You can stop a panic attack dead in its tracks with your MIND, without relying on drugs every again.
I’ve had only two full-blown panic attacks because by the time I started to get a third panic attack, my plan of curing panic attacks without drugs had already been set in place.
To understand how I cured panic attacks, without drugs, you’ll need to be taken through my first two panic attacks.
Contrary to popular belief, panic attacks are NOT always triggered by stress or anxiety. My first panic attack began in a dream while I was asleep.
In the dream I was with my brother, and nothing eventful was occurring.
Nevertheless, in the dream, my heart began beating faster and heavier. I then awakened to a pounding heart.
Actually, the panic attack didn’t start in the dream literally. My heart began spontaneously pounding, and this was then incorporated into my dream, like how sometimes the urge to urinate gets “scripted” into a dream.
Anyways, I awaken, and I immediately sat up, heart pounding and feeling very strange. I felt like I was about to have a heart attack.
I couldn’t shake the conviction that cardiac arrest was moments away, even though the preceding day, I had went on a grueling hike up a steep trail.
Anxiety and fear set in, my respiration increased, and my heart wouldn’t calm down.
I dialed 9-1-1 and requested an ambulance. I was in perfect health and fitness, an athlete, a weight lifter, a jogger and hiker. Yet I felt a need to dial 9-1-1 out of concern I was having a heart attack.
I did not have the foresight to bring money with me while I waited outside my apartment for the ambulance.
My heart was just pounding. I was wheeled into the ambulance, and couldn’t believe how my heart refused to stop racing.
In the ER I was hooked to a heart rate monitor. It took about two hours for my heart rate to slow down enough to where I could be discharged. Of course, the doctor said my heart was fine.
I noticed the numerical code for the diagnosis on the paperwork; I recognized it as being a code for anxiety, as I was familiar with these codes.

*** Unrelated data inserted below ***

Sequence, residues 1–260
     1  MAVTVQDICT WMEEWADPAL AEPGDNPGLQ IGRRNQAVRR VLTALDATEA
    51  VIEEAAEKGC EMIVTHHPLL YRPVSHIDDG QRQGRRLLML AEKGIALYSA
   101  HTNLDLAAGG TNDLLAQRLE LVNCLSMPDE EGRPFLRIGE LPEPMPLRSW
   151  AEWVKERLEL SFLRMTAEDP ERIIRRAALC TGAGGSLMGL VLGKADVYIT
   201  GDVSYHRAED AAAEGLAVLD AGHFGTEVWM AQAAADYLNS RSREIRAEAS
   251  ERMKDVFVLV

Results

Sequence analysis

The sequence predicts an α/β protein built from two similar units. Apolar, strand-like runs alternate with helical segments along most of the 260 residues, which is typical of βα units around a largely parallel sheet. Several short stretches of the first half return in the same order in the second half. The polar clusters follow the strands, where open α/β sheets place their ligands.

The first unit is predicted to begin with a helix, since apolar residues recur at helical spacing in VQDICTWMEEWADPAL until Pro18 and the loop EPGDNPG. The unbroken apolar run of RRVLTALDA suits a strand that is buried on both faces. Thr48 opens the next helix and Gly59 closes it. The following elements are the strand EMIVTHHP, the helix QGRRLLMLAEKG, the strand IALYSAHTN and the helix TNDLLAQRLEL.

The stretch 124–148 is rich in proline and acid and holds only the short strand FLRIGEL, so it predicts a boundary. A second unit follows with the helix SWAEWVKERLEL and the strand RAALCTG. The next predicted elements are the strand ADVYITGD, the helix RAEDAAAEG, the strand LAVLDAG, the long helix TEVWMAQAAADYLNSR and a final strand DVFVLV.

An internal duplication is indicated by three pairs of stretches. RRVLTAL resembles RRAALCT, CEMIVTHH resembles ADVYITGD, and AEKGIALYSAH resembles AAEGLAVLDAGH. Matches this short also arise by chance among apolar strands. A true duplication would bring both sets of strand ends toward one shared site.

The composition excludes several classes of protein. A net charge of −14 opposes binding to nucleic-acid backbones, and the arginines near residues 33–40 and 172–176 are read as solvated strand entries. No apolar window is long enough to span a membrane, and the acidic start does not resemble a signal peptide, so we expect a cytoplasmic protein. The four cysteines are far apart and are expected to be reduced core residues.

I couldn’t believe I’d had a panic attack and thought it would never occur again.
But not long after, another panic attack struck. Because I didn’t think I’d have another panic attack, I had devised no plan of prevention; I was caught off-guard by the second panic attack, which took place while at the workplace.
Again, no stress triggered this second episode. I had been assigned a very light workload and there were frequent periods of no work.
During one of these periods I was standing but leaning over a countertop, reading a newspaper article – one that I had written, actually.
Suddenly, this feeling came over me. I immediately recognized it. It was happening again.
I straightened like a stiff board and felt like I might be dying. My heart began thumping.
My breathing seemed funny. I faced the head foreman and actually entertained the idea of asking him to dial 9-1-1.
No, I will not do that. I’ll just stick this out. I left my post without saying a word and began walking about the maze-like department, which was filled with people, several of whom I couldn’t stand.
How humiliating it would be to ask the foreman, a runt of a man whom I didn’t care for, to dial 9-1-1.
I maintained good posture, held my head high and continued walking all over the place, in the midst of a panic attack, while nobody had a clue.
I figured if I were really dying, someone would immediately dial 9-1-1, there were enough people around.
I made a few stops at the drinking fountain, and after several minutes, felt that the panic attack was subsiding.
I realized, if something were genuinely wrong with my heart, I wouldn’t be able to sustain such grueling steep hikes.
Further, if something were wrong with my heart, I’d experience cardiac arrest or angina while I was hiking, and I had to admit, my strenuous hikes always went without a hitch.
After about five minutes, I returned to my post, feeling normal again. I had out-psyched the panic attack.
For sure, I had to convince myself nothing was wrong with my heart; proof was in my hikes and heavy weightlifting.
A sick heart wouldn’t last on one of my hikes. Further, a bad heart wouldn’t get well spontaneously, either. THIS TIME, I decided, no more panic attacks. This was not going to happen again.
No Drugs Again!
Not long after, I was at the end of a hike and walking down a gravel road, my car in sight. Suddenly…that feeling came upon me. But I kept charging down the hill, pumping my arms, thinking,
Screw this. I don’t need this. I’m fit and strong. It’s all in my mind. Just ignore it. It wants my attention. It ain’t gonna get it.
Before I arrived at my car, the panic attack demon had given up on me.
The fourth – and last panic attack – occurred at night while I was awake but in bed. I bolted out of bed and began doing pushups. I intended on jogging outside, but the pushups scared off the panic attack demon.
This last panic attack attempt occurred about many, many years ago. I haven’t had a panic attack attempt since. The panic attack demon knows I’m too much work.
Don’t jump on the drug bandwagon too quickly; develop your mind over matter skills to cure panic attacks.
Lorra Garrick has been covering medical, fitness and cybersecurity topics for many years, having written thousands of articles for print magazines and websites, including as a ghostwriter. She’s also a former ACE-certified personal trainer.
Top image: Freepik.com